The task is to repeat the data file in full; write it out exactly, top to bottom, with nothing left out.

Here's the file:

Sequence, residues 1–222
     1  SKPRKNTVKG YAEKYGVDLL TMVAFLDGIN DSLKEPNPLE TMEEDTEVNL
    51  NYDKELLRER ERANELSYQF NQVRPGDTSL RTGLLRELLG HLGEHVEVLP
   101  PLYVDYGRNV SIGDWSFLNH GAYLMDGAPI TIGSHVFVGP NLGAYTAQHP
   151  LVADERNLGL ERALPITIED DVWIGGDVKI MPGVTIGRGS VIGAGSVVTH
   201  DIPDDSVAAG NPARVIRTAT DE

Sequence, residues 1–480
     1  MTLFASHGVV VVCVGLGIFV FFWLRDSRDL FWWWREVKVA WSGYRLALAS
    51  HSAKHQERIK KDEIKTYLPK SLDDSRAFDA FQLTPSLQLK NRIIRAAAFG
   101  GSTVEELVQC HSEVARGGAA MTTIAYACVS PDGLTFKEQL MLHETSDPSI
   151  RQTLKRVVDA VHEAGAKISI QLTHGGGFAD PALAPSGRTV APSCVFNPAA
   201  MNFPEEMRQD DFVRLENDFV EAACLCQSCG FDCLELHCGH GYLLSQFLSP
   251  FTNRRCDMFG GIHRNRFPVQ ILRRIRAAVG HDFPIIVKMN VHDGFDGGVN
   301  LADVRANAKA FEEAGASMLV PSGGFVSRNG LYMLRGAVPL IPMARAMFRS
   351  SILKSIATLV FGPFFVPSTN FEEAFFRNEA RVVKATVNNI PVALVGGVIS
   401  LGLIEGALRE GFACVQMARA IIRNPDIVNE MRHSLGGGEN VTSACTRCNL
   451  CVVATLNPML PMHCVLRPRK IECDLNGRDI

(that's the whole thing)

Sequence, residues 1–222
     1  SKPRKNTVKG YAEKYGVDLL TMVAFLDGIN DSLKEPNPLE TMEEDTEVNL
    51  NYDKELLRER ERANELSYQF NQVRPGDTSL RTGLLRELLG HLGEHVEVLP
   101  PLYVDYGRNV SIGDWSFLNH GAYLMDGAPI TIGSHVFVGP NLGAYTAQHP
   151  LVADERNLGL ERALPITIED DVWIGGDVKI MPGVTIGRGS VIGAGSVVTH
   201  DIPDDSVAAG NPARVIRTAT DE

Sequence, residues 1–480
     1  MTLFASHGVV VVCVGLGIFV FFWLRDSRDL FWWWREVKVA WSGYRLALAS
    51  HSAKHQERIK KDEIKTYLPK SLDDSRAFDA FQLTPSLQLK NRIIRAAAFG
   101  GSTVEELVQC HSEVARGGAA MTTIAYACVS PDGLTFKEQL MLHETSDPSI
   151  RQTLKRVVDA VHEAGAKISI QLTHGGGFAD PALAPSGRTV APSCVFNPAA
   201  MNFPEEMRQD DFVRLENDFV EAACLCQSCG FDCLELHCGH GYLLSQFLSP
   251  FTNRRCDMFG GIHRNRFPVQ ILRRIRAAVG HDFPIIVKMN VHDGFDGGVN
   301  LADVRANAKA FEEAGASMLV PSGGFVSRNG LYMLRGAVPL IPMARAMFRS
   351  SILKSIATLV FGPFFVPSTN FEEAFFRNEA RVVKATVNNI PVALVGGVIS
   401  LGLIEGALRE GFACVQMARA IIRNPDIVNE MRHSLGGGEN VTSACTRCNL
   451  CVVATLNPML PMHCVLRPRK IECDLNGRDI